Are you a “Lone Ranger” investor, or do you lean heavily on a trusted financial advisor? Maybe you even take a hybrid approach. No matter what your approach is, we can all benefit from a periodic financial checkup. That’s why we took an in-depth look at independent financial advisors in the February issue of Miller’s Money Forever.
In order to give our subscribers the most bang for their buck, we called in Jeff White of American Financial Group, Ltd. to help teach us the best way to choose a financial advisor and how to get the most from their services. Some of our subscribers asked for more information on annual financial checkups, so I asked Jeff to do us a favor and teach us more on that topic. His reply is a must-read, in my opinion.
I should mention that we have no financial connection with Jeff and his firm. He has gladly given his time as a true expert in these matters, and we thank him for doing so.
Is It Time for Your Financial Checkup?
By Jeff White
Most of us schedule periodic medical checkups to monitor our blood pressure, cholesterol, and other signs of health. Preventive medicine lets us know where we stand against the grim reaper, and in some cases can even help us renegotiate life’s final chapter. Most insurance companies pay for annual physicals, knowing that they help people to adopt healthy habits and avoid major expenses.
It makes equally good sense to have periodic financial checkups. Broadly speaking, we all face three possibilities in our golden years, each with its own risks:
- We will live to retire, but risk running out of money before running out of breath.
- We will die before we retire, leaving our family with inadequate resources.
- We may be disabled before or after retirement, leaving ourselves in dire straits.
How long has it been since you had a financial checkup to see if you are prepared for each of these possibilities?
Just as we shouldn’t remove our own appendix because we don’t have the skills, most of us likely don’t have the tools or skills to perform an objective, thorough financial exam either. There are plenty of services available for this, both online and with a financial advisor. An independent financial checkup with a professional can go a long way toward making our money last so we can enjoy retirement. Just choose whom you listen to wisely.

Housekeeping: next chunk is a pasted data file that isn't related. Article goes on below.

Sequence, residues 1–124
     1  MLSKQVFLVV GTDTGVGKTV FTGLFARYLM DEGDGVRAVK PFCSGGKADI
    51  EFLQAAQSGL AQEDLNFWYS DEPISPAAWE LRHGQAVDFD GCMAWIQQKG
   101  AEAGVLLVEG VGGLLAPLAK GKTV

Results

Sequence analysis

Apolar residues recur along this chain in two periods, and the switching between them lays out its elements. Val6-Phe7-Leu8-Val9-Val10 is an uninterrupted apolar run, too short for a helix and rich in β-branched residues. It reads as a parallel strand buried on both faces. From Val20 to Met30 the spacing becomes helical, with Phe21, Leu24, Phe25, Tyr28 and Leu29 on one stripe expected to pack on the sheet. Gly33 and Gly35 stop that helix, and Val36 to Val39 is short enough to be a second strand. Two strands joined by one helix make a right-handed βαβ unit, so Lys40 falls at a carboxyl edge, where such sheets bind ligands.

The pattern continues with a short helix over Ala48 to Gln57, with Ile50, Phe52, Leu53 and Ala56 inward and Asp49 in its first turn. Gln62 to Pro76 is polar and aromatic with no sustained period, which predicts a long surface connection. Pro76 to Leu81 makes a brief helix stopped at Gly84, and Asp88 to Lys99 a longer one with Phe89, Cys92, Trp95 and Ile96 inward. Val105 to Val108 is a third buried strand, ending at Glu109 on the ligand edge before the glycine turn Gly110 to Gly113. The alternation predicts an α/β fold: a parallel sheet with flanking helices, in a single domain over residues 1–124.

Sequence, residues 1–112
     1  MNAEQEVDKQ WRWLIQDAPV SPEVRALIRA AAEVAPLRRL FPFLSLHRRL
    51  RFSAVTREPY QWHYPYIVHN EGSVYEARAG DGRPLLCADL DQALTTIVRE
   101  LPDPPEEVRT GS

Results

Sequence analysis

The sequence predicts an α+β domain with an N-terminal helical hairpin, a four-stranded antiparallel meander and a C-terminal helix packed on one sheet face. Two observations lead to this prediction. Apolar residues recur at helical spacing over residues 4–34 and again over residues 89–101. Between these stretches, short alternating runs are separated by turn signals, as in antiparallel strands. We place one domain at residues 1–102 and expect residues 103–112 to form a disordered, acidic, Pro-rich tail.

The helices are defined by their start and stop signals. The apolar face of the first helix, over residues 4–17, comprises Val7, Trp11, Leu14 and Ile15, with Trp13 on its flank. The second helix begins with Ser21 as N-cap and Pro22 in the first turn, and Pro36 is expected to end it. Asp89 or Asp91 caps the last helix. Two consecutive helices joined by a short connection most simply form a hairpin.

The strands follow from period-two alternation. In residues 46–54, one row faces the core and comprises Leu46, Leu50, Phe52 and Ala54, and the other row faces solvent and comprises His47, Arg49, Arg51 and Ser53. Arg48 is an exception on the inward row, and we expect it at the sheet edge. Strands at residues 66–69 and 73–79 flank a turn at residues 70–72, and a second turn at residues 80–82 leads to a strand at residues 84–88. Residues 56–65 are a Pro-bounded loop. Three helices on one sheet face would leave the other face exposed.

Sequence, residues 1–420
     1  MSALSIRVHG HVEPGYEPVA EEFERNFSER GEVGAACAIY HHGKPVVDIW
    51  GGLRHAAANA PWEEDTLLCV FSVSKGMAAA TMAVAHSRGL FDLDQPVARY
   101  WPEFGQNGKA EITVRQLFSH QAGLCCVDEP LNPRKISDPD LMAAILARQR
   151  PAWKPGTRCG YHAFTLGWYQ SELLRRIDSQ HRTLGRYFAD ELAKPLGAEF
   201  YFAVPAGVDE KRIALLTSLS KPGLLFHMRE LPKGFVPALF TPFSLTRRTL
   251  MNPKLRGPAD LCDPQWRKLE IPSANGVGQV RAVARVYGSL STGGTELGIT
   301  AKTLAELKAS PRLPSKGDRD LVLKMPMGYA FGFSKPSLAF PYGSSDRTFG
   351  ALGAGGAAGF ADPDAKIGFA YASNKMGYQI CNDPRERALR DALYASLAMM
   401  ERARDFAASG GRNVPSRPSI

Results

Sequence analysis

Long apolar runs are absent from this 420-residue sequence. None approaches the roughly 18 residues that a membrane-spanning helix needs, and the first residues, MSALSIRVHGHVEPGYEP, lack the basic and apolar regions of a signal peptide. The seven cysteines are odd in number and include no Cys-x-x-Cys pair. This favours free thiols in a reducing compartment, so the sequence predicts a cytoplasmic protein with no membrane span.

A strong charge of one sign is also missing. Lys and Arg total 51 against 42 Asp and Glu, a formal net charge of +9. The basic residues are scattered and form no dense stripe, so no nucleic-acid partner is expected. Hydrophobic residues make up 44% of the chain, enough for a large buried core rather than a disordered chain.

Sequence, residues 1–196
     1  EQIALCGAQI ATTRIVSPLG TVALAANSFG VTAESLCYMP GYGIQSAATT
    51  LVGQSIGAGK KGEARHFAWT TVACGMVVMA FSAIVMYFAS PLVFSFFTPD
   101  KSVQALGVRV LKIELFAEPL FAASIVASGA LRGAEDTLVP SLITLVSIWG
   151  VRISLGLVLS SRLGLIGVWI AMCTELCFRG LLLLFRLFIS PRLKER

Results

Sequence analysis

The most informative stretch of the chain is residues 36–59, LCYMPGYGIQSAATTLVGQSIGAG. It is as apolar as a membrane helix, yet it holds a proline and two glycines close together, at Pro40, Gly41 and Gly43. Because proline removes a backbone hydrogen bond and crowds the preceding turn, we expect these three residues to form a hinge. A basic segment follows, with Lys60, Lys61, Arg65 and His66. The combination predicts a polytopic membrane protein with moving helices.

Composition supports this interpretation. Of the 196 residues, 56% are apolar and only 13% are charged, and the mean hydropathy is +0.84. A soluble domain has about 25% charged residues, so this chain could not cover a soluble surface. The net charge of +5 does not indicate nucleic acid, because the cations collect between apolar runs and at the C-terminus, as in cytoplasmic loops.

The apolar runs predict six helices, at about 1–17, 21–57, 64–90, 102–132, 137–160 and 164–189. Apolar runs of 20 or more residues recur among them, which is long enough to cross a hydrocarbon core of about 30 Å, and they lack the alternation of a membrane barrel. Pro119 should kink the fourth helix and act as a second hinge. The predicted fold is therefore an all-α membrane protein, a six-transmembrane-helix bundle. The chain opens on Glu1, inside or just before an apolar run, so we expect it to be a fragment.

When picking a financial advisor for your annual checkup, find one who’s a member of a team of specialists. In medicine, an internist who finds a lump will refer you to an oncologist to determine if it is malignant, who will refer you to a surgeon if it is.
A financial advisor should work in concert with investment, insurance, tax, and legal experts to create an accurate picture of where you stand and give independent advice on how to correct any problems.
Hot Dogs and Beans, or Lobster and Caviar
Let’s be optimistic and assume you will live long enough to retire, as most of us will. There are four levels of retirement lifestyles:
- Subsistence lifestyle, where you must live on Social Security and welfare.
- Have-to-have lifestyle, in which you have adequate income and resources for the basics, but not much else.
- Comfortable lifestyle, which includes travel, visiting family, pursuing hobbies, and whatever else turns you on, within limits.
- Luxurious lifestyle, which may include multiple residences, extensive travel, fine dining, charitable giving, etc.
I will focus on the have-to-have and comfortable lifestyles today, as this is where most of us fall. The subsistence lifestyle is not relevant, because it is likely too late for people in that category. If you fall in the luxurious lifestyle group, you have probably been receiving good professional help already.
In other words, what will be on your retirement menu? Hot dogs and beans, lobster and caviar, or something in between?